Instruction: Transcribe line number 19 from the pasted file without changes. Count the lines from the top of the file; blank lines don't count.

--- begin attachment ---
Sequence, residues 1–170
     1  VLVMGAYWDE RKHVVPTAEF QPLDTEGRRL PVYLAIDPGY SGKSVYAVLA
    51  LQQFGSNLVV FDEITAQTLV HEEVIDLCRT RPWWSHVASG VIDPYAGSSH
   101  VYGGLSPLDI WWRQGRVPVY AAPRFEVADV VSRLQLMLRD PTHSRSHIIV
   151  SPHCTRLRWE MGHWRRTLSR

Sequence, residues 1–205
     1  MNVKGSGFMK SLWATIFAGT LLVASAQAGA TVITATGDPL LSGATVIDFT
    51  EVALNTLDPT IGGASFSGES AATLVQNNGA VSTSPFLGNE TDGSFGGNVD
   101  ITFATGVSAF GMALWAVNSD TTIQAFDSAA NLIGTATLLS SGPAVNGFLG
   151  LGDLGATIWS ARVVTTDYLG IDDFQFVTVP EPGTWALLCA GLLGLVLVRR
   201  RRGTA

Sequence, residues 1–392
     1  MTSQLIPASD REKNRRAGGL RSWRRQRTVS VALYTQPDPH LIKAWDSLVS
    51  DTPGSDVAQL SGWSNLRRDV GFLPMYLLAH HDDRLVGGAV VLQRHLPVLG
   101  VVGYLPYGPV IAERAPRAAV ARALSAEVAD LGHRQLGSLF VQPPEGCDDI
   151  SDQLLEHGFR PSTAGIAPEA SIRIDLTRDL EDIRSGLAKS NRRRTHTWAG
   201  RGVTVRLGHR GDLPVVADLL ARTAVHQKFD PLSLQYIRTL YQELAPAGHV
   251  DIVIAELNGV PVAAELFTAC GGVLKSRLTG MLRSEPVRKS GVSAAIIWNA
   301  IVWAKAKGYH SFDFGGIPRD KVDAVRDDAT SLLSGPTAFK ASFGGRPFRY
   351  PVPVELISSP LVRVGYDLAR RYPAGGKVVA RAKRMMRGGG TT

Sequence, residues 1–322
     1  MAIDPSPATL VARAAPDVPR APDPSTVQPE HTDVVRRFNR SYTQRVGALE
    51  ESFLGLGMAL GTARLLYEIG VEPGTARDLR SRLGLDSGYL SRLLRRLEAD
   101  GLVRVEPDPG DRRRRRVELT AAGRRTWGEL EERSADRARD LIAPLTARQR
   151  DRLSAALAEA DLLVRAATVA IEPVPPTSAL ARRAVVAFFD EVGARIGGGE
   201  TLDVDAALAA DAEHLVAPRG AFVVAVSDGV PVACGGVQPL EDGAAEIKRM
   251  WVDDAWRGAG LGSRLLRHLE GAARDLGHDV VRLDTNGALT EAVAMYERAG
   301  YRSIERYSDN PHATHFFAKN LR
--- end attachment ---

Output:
   301  IVWAKAKGYH SFDFGGIPRD KVDAVRDDAT SLLSGPTAFK ASFGGRPFRY